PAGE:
Unveiling some of many risks of early marriage, and the significance of a call for action.
Picture yourself at the tender age of 15, and your parents decided to deprive you from one of your most basic rights: education. And why? so that you could marry some boy you barely know from your village and who might be at least 7 to 8 years older than you. Envision the scenario where instead of classrooms and friends and books, having an arranged marriage with a stranger.
Now imagine the challenges of becoming a mother at the age of 16, the physical abuse this will put you through, and zero financial independence to break the cycle of mental and physical violence this put you in. Such narrative may seem from the past, in our great grandparents’ era maybe, but do you know this still happens? In many regions in the world, it will make you frustrated. Do you care to delve into the risks of those girls?
We might not be living them, and most probably do not know anyone that is, but this is a call to sympathy and awareness, so even if we are shielded and blessed, countless girls out there aren’t.
Let’s dive into those risks.
Around the world, child marriage is a widespread and deeply ingrained social issue that impacts millions of children, especially girls. When one or both partners are under the age of 18, it refers to an informal union. Even while we have made great strides in many areas of human growth, these unsettling realities still exist in some parts of the world, especially in less developed nations and regions like Africa and some Arab regions.
The health problems that young brides confront are among the most urgent; early pregnancies raise the risk of maternal death and difficulties after childbirth. Girls forced into early marriages sometimes find themselves taken away from school, which harms their educational goals and leads to increased literacy. Additionally, early marriages come with a higher rate of domestic abuse.
Beyond physical health, there is a significant psychological cost. Mental health conditions like depression and anxiety can be factual consequences. Little girls have little to no financial independence which keeps them stuck in this loop. Hovering over the countries, we can see that most of those in darker shade of blue are African countries, and other less developed countries including Bangladesh, Chad, Niger, Mali, and others. The treemap serves to highlight some of these countries where this is highly prevalent.
Poverty, is one of the root causes of Early Marriage which is shown below, that poverty is relatively high in the countries mentioned in this study. Parents in less developed countries think of their daughters as financial burdens which is why they take them out of school and force them into marrying young. Limited living resources force families to believe that marriage is a way of surviving. In the same countries we put into study, we can see that the Poverty Headcount is large in most of them.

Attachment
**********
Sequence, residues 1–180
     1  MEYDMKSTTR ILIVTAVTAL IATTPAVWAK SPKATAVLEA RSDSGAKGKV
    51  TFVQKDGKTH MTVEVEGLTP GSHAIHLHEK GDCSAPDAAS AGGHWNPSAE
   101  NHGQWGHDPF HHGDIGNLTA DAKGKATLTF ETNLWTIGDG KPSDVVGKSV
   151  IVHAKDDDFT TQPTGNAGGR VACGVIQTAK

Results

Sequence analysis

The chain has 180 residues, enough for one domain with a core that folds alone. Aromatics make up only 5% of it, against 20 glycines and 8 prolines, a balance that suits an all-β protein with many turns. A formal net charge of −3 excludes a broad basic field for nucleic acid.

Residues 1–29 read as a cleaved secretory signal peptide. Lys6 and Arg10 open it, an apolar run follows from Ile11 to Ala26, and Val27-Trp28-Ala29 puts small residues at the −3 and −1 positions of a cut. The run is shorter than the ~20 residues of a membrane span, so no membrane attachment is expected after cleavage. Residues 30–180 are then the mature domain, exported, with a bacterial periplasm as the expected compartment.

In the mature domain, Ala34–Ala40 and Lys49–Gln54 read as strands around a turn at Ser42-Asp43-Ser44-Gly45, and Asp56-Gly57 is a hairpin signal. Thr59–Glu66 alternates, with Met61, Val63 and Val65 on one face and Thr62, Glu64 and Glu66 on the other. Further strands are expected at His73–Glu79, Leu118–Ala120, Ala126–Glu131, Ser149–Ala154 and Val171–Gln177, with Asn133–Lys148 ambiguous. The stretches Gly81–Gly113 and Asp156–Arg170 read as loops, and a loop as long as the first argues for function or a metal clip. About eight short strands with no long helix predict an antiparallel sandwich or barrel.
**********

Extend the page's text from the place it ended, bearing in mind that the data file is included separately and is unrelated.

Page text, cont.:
According to UNICEF, 21% of young women (aged 20 to 24) were married as children. Before turning eighteen, one in five females gets married. That figure doubles in the least developed nations, where 12% of girls get married before turning 15 and 40% of girls get married before turning 18. This is 28 girl every minute. The below visuals show that the countries in study are mainly located in Africa and Sub-Saharan Africa as well as Asia, have their women justify being beaten by their husbands and still normalize it, have young girls out of school, and have higher risks of maternal death, meaning that early marriage may cause all the below. These are just some amongst many consequences.
Countries including Bangladesh, Senegal, Niger, Uganda, Mozambique, Ethiopia, Guinea, and many more, seemed to always have these issues combined.
Can you believe that 17.48% of women in Bangladesh justify being beaten? Followed by 11.63% in Mali, 10.80% in Ethiopia, ranking the top 3 among many other countries.
Additionally, 18.41%, followed by 13.19% and 9.19% in Niger, Guinea, and Mozambique respectively.
The Bubble Chart serves to highlight countries where Maternal Death Risk is most prevalent as well. Is it a coincidence that the same countries that have high early marriage rates, almost rank high in all three risks?
It is imperative to save young girls from forced marriage, give them the right education they deserve, decrease their risk of dying while giving birth, mitigate the physical and mental abuse, and give them the right to just be little girls.
Collectively, we can combat early marriage and create an atmosphere where girls feel empowered to continue their education and make educated decisions about their futures, to mitigate the risks.